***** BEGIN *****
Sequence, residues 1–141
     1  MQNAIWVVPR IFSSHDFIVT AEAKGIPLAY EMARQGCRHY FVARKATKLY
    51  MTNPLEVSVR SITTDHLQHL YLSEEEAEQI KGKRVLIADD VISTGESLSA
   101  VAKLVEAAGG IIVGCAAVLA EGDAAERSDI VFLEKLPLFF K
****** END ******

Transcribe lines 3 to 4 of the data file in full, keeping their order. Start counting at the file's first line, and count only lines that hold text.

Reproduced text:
    51  MTNPLEVSVR SITTDHLQHL YLSEEEAEQI KGKRVLIADD VISTGESLSA
   101  VAKLVEAAGG IIVGCAAVLA EGDAAERSDI VFLEKLPLFF K